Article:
NaeemHasan wrote:
VeritasPrepKarishma wrote:
harikris wrote:
Arrow AB which is a line segment exactly 5 units along with an arrowhead at A is to be constructed in the xy-plane. The x and y coordinates of A and B are to be integers that satisfy the inequalities 0 ≤ x ≤ 9 and 0 ≤ y ≤ 9. How many different arrows with these properties can be constructed ?
A. 50
B. 168
C. 200
D. 368
E. 536
Consider the diagram.
The arrows could be vertical, horizontal or diagonal.
Attachment:
Ques4.jpg
The vertical arrows are shown by the blue arrows. 5 of them will start from x = 0, 5 from x = 1 and so on till x = 9. So you have 50 of these blue arrows. You have another 50 vertical arrows which are the same arrows but with the arrow head on the opposite end (shown by the red arrow). So you have a total of 100 vertical arrows.
Similarly, you have 100 horizontal arrows.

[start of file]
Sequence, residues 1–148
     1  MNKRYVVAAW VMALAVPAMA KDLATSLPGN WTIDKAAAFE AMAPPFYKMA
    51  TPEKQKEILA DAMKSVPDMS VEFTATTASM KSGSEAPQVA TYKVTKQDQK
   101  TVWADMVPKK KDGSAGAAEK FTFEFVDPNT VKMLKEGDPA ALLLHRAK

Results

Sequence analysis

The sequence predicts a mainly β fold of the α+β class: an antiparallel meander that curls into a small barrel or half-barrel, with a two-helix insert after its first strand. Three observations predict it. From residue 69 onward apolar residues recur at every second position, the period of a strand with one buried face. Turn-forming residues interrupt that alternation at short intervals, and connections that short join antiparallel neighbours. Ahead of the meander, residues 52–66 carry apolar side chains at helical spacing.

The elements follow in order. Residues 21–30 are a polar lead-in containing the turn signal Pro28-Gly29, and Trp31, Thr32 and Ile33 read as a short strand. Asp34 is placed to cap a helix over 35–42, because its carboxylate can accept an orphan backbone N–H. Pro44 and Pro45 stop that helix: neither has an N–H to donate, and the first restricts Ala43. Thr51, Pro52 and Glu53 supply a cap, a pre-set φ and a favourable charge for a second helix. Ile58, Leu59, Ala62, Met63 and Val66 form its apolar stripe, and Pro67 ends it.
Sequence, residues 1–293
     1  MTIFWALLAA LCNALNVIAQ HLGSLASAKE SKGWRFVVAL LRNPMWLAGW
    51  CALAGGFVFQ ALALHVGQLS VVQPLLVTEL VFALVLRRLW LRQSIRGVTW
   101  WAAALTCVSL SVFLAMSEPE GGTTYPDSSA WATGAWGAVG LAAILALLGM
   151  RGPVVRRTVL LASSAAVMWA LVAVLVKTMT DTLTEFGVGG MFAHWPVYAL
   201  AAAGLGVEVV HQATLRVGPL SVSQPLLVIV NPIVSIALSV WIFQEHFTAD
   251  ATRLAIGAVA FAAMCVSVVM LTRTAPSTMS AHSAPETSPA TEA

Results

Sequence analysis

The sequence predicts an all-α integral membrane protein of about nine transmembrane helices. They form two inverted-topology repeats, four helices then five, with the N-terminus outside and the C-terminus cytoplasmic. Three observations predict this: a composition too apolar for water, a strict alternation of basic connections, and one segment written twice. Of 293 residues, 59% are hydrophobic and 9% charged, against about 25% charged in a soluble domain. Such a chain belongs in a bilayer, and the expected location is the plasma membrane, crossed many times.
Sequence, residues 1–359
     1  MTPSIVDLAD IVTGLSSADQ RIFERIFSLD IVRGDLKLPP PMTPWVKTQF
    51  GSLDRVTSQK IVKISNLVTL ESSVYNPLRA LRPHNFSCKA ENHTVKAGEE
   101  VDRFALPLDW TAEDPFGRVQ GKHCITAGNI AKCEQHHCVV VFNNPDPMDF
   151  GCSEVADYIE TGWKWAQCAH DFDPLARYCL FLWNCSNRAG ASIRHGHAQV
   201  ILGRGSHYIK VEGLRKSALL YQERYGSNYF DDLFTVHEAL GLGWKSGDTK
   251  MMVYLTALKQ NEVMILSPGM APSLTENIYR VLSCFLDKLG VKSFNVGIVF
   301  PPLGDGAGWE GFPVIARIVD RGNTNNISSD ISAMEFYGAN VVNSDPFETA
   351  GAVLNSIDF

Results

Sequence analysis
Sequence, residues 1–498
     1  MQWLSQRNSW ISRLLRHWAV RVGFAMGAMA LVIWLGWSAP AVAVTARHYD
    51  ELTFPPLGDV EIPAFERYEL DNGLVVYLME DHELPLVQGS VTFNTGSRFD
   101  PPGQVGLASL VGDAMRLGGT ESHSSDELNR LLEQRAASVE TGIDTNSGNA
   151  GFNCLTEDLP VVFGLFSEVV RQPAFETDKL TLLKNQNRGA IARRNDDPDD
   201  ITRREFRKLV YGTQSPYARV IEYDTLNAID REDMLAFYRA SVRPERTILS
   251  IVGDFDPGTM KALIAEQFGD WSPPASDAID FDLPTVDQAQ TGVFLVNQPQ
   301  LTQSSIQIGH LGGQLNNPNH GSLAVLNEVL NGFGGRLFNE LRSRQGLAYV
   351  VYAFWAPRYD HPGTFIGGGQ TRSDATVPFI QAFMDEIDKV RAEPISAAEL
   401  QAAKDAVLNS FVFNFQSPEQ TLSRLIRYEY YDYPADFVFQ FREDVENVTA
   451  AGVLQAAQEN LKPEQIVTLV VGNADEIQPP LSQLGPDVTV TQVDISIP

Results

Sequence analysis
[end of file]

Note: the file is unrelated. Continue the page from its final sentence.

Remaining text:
Now check out the diagonal arrows. One co-ordinate should be of length 3 and another of 4 (so that the arrow length is 5 and all points are integers). Look at the purple arrows. The x co-ordinate is 3 and the y co-ordinate is 4. You can make 7*6 = 42 such arrows. Similarly, you can make 42 arrows with x cor-ordinate as 4 and y co-ordinate as 3. So you have 84 arrows. But you get another set of 84 arrows by keeping the arrows the same but putting the arrow head on the opposite end so you get a total of 2*84 = 168 arrows.
Similarly, you can make arrows in the opposite direction shown by the green arrows. So you have another 168 arrows.
Total = 100 + 100 + 168 + 168 = 536
Hi Karishma,
Can't the arrows start from point (1,2), (1,3), (2,3) etc.
Yes, they can. In the solution above:
"...5 of them will start from x = 0, 5 from x = 1 and so on till x = 9. So you have 50 of these blue arrows. "
5 will start from x = 0. For these, y will be 0, 1, 2, 3 and 4.
So the arrows will start from (0, 0), (0, 1), (0, 2) etc
5 will start from x = 1. For these too, y will be 0, 1, 2, 3 and 4.
So the arrows will start from (1, 0), (1, 1), (1, 2) etc
Similarly, arrows will start from (2, 0), ... (2, 4), ... (3, 0) ... etc
Does this help?
_________________
Karishma
Veritas Prep GMAT Instructor
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